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Over Easy: The Valley Needs a Great Big Bookstore

  • The Dartmouth Bookstore, operated by Barnes & Noble College Booksellers, Inc., in Hanover, N.H., will close by the end of the year after failing to renew its lease with building owner Jay Campion. Photographed Friday, Sept. 28, 2018. (Valley News - James M. Patterson) Copyright Valley News. May not be reprinted or used online without permission. Send requests to permission@vnews.com.



For the Valley News
Monday, October 22, 2018

The anticipated closing of the Dartmouth Bookstore by year-end is an utter disaster. For readers, Main Street will not be Main Street, Hanover will not be Hanover. It remains to be seen if the Upper Valley will be the Upper Valley without it.

This is hyperbolic, but just a bit. A bookstore is both necessary and central in a college town. It is the village green of the mind.

When the closure comes to pass, book people should mass in an angry literary protest. To be sure, a riot of readers would be understated, as such things go, since many are introverted and keep their thoughts to themselves. Perhaps they could march, inwardly indignant, each reading essays lamenting the decline of bookstores. That would show them!

I wonder how the evolution of retail (chain stores wipe out mom-and-pop stores, only to be squashed by Amazon) could further drive a stake into our hearts. How about a Dartmouth Dollar Store on Main Street? Or Big Green Auto Parts? Oh, the humanity!

When we moved to the Upper Valley in 1982, there were two inconsequential bookstores in Lebanon. When we visited the Dartmouth Bookstore we felt reassured by its nooks, crannies, dozens of magazines and legions of books. We may have come to the boonies, but there was a very good — maybe excellent — bookstore in this particular boonie.

It just so happened that we went to the Nugget Theater, another Hanover institution, on the same evening the pending closure was revealed in the Valley News. The movie, The Bookshop, told of a woman’s dream to own a small bookstore in a coastal town in England.

“No one ever feels alone in a bookshop,” the woman declared. Amen, I responded.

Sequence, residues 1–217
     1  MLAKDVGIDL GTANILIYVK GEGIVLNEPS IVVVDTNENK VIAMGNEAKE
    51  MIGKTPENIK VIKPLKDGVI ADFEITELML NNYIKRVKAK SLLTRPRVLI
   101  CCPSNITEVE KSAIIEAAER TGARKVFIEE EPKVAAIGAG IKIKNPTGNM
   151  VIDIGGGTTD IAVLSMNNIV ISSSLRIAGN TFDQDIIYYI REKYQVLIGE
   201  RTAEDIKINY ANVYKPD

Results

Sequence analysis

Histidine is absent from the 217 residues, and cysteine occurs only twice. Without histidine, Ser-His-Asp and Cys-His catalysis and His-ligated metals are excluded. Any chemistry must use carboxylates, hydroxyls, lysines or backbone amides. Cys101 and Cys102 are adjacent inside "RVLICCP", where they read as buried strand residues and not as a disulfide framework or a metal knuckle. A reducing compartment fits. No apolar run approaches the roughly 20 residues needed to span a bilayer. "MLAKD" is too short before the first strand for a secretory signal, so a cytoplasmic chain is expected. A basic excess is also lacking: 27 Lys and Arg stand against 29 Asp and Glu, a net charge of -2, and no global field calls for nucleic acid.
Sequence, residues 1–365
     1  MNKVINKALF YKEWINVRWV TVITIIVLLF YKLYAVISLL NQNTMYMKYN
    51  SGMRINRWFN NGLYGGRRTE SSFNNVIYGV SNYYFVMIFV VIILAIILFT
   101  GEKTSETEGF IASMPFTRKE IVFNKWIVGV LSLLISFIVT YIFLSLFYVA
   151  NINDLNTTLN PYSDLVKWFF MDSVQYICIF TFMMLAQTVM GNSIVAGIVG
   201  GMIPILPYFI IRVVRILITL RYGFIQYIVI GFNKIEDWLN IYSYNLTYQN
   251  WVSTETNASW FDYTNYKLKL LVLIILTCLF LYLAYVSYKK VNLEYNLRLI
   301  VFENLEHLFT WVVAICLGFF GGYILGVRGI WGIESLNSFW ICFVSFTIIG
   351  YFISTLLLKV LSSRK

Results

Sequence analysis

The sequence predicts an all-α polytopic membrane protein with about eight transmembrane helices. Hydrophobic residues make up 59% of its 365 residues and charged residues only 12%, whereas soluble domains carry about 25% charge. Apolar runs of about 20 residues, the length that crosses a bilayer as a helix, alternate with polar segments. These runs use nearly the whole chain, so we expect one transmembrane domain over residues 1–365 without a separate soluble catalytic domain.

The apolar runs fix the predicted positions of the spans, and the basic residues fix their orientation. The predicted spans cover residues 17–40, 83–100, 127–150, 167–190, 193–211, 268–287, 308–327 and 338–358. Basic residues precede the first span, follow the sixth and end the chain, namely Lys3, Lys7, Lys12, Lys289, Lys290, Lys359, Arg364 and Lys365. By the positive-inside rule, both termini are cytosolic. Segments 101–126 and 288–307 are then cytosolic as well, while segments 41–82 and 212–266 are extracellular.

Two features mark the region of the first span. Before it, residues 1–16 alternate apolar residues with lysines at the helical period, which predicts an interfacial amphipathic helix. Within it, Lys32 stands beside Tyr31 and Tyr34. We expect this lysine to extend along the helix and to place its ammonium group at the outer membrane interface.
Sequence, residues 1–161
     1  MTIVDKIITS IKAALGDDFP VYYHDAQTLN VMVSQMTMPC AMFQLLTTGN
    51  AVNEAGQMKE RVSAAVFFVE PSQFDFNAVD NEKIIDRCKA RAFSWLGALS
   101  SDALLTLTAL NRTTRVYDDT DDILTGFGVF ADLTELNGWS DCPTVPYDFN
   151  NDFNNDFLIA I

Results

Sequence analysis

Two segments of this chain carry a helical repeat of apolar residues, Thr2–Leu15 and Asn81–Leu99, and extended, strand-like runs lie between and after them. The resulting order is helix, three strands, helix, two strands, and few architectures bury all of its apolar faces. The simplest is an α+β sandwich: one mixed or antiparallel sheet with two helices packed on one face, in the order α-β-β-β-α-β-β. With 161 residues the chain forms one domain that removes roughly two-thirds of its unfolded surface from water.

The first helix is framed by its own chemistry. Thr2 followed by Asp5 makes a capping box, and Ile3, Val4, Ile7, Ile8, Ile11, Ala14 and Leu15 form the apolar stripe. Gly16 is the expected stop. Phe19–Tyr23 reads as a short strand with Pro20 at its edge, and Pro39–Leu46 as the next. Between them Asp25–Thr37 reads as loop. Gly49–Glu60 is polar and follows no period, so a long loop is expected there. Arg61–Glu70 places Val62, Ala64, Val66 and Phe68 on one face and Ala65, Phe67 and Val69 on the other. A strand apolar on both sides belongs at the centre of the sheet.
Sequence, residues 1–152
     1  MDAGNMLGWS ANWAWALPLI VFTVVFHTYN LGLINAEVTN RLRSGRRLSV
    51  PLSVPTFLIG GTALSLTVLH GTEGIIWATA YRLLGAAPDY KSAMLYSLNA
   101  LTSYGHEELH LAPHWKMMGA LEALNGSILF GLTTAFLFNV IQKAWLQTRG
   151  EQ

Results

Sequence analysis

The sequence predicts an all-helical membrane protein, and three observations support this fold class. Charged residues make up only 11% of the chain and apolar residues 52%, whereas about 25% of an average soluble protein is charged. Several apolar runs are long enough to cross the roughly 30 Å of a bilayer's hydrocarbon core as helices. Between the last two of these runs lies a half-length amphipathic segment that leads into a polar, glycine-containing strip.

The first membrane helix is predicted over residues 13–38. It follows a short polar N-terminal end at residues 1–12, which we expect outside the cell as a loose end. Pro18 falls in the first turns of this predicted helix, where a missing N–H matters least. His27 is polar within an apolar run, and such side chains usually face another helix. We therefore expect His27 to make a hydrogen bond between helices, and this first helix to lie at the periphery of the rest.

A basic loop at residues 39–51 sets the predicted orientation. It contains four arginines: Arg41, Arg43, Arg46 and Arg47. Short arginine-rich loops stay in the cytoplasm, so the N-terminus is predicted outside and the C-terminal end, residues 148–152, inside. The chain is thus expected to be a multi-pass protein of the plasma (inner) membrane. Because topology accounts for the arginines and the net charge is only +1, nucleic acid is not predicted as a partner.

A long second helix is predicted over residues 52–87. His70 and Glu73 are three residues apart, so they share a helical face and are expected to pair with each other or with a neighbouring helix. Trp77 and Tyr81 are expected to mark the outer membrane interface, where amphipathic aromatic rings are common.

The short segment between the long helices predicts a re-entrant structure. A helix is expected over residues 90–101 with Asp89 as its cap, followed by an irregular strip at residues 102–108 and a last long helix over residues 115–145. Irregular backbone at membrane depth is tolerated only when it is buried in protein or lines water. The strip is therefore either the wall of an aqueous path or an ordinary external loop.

A bookstore, a good one that is, has a mysterious quality that certain churches and ancient buildings share. In good bookstores you can feel that others have stood on the same floors, a long line of knowledge-seekers and lovers of words and stories.

Browsing is a patient hunt, where you slowly stalk your prize in silence, almost reverence. Around any corner might be a volume that will delight you, perhaps change your day, your week, maybe more. Amid the best-sellers, self-help gurus and carnival barkers, there is, perhaps, something meaningful or beautiful.

It also cheers me to see evidence, in a time when so many public matters seem to be handled with unashamed ignorance, that there are authors thinking deeply, writers who soar beyond my distractions — the weather, the Red Sox, the daily cavalcade of outrage.

In a way, I am complicit in the decline of bookstores. In recent years I haven’t bought many books. For a time, 40 percent off coupons from the departed Borders pulled me in, but with retirement approaching and now finally here, I’ve relied more on the wonderful Lebanon libraries, where even overdue fines are passé.

I also frequent Lebanon’s little free libraries, where you can take and keep a book as long as you like, or forever, a boon for slow readers and book jugglers — those like me who keep four or five going at once.

Even the Lebanon recycling center is a literary salon, albeit sometimes smelly, with its dented metal bookcase of giveaways. It has an oddball assortment of dusty college textbooks, religious tomes and romances about lusty pirates with a sensitive side. You might find unexpected guides (Learn Lithuanian!) or dated manuals like Master Windows 95. But keep looking; I just found To End All Wars, which the New York Times called a “moving and important book.” It’s now on the leaning tower of books next to my bed.

I snap up books at thrift stores for a quarter, yard sales for a dime, waiting for a pearl of low price. Sometime later I give them away, keeping the wheel of reading turning.

To be perfectly honest, the Dartmouth Bookstore’s glory days were past. But the heyday was something. In the 1980s, its annual record sale was a major Upper Valley event. It sold Apple computers when home computers were new and exciting. And then there were all those nooks and crannies that delighted children. And the discount tables out front that led readers into temptation.

It seemed unsettling when the Barnes & Noble college chain bought the store in recent years, a loss for local control and culture. But still, the prime Main Street location continued to make a loud statement about the value of books and reading.

Of course, downtown Hanover will go on without the Dartmouth Bookstore. But readers will feel a loss, a loneliness, that wasn’t there before.

Dan Mackie lives in West Lebanon. He can be reached at dan.mackie@yahoo.com.